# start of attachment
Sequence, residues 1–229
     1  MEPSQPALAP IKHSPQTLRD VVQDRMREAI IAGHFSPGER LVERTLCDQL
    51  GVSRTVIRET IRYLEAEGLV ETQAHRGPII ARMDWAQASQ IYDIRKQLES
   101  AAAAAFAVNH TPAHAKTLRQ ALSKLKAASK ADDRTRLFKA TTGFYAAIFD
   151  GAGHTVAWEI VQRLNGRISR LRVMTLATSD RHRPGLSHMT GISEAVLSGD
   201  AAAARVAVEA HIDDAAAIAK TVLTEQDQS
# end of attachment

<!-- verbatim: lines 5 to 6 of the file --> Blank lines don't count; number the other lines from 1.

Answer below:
   151  GAGHTVAWEI VQRLNGRISR LRVMTLATSD RHRPGLSHMT GISEAVLSGD
   201  AAAARVAVEA HIDDAAAIAK TVLTEQDQS